Happy fall, in Alaska anyway. The Geological Survey of Canada and Alaska Division of Geological & Geophysical Surveys (DGGS) released new data. Australia has significantly expanded their Exploring for the Future program. For those of us working at government institutions we often have a wealth of base data at our disposal on our internal servers. The good news is much of the data are accessible to the public if you know where to look. I will share some insider tips of how to get the best geoscience data from DGGS, I hope to get similar information from other surveys on often overlooked data resources.
Please send me your contributions on data and report releases and either planned, upcoming, in progress or recently completed geophysical projects or research. I can be contacted at email@example.com, +1-907 451 3098 (office) or
Geological Survey of Canada
Contact: Doug Oneschuk Geophysicist
Airborne Geophysics Section Geological Survey of Canada 601 Booth Street, Ottawa, Ontario, Canada K1A 0E9 Douglas.Oneschuk@Canada.ca
The Geological Survey of Canada has recently released maps and data acquired during an aeromagnetic survey carried out from January 19, 2020 to March 28, 2020 in the Nash Creek area of the Yukon (Figure 1). The data were recorded using a split-beam cesium vapour magnetometer mounted in the tail boom of a Beechcraft King Air aircraft. The nominal traverse and control line spacings were, respectively, 400 m and 2400 m, and the aircraft flew at a nominal terrain clearance of 150 m. The flight path was recovered following post-flight differential corrections to the raw Global Positioning System (GPS). Maps of the residual total magnetic field and the first vertical derivative of the magnetic field were published.
This publication is available for free download through GEOSCAN (http://geoscan.nrcan.gc.ca). Corresponding digital profile and gridded data as well as similar data for adjacent airborne geophysical surveys are available from Natural Resources Canada’s Geoscience Data Repository for Aeromagnetic data at http://gdr.agg.nrcan.gc.ca. Copies of this map may also be obtained from the Yukon Geological Survey, Energy, Mines and Resources, Government of Yukon, P.O. Box 2703 (K-102), Whitehorse, Yukon, Y1A 2C6. Telephone: (867) 667-3201, email: firstname.lastname@example.org, website: http://www.geology.gov.yk.ca
Alaska Division of Geological & Geophysical Surveys
DGGS released preliminary magnetic and radiometric data 12 days! after the completion of the their Shaw Creek and Shawnee Peak survey, https://doi.org/10.14509/30551. This fast turn around was to support our industry partners’ exploration programs. Looking for great base layer data try these Alaska statewide links,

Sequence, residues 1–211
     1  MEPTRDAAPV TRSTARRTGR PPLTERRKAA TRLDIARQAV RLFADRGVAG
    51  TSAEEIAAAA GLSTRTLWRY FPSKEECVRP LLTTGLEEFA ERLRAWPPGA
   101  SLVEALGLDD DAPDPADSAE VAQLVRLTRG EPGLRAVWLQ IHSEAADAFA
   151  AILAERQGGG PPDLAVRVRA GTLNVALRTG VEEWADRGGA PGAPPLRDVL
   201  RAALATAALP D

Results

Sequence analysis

Don’t overlook municipalities either, Fairbanks North Star Borough has some excellent local data including LiDAR and 4 inch pixel size ortho photos.https://gisportal.fnsb.us/referenced/rest/services/publicDatahttps://gisportal.fnsb.us/image/rest/services
Geoscience Australia – Exploring for the Future Program
In June 2020, Australia announced a $125M AUD ($91M USD) four-year expansion of their Exploring for the Future (EFTF) Program, https://www.ga.gov.au/eftf. This builds on the $100M AUD ($73M USD) initially invested in 2016 and expands the program to all of Australia from the initial northern focus. This program is focused on groundwater, mineral resources, and energy. In August 2020 Geoscience Australia identified two priority corridors and outlined the southern focus of the expanded program as shown by the map created by Geoscience Australia. This is an impressive investment in geoscience that “is focused on boosting investment in the resources sector, generating jobs and maintaining a strong economy.”
ACIL Allen Consulting published a positive economic assessment of the first four years of the program here: https:// www.acilallen.com.au/projects/program-evaluation/exploring-for-the- future-program-return-on-investment-analysis
The EFTF program has been highly successful, implementing innovative methods and integrating multi-disciplinary data from surveys that covered 2 million square kilometres. Nearly 200 new datasets and reports have been delivered through a new world-leading data delivery portal. The program has been extended for four years and will expand its reach nationally. The Exploring for the Future data portal (Figure 3) to download these datasets and report for is accessible at https://portal.ga.gov.au/persona/eftf. A demonstration video of the data portal features can be viewed at https://youtu.be/vtG5s-AdldY.
Registration for four webinars (on demand) that are introduc- ing the EFTF program can be accessed at:
https://event.on24. com/eventRegistration/EventLobbyServlet?target=reg20.jsp&referrer=https://wcc.on24.com/webcast/groupregistration/2340360&even tid=2340360&sessionid=1&key=9E0C5D3E593F944F92A33FB 269C1EBE3®Tag=1028134&sourcepage=register
EDITORS NOTE: Refer also to FastTIMES Vol 24, 5 pp 95-100 for more information on Geoscience Australia’s nation-wide data coverage (https://www.eegs.org/latest-issue).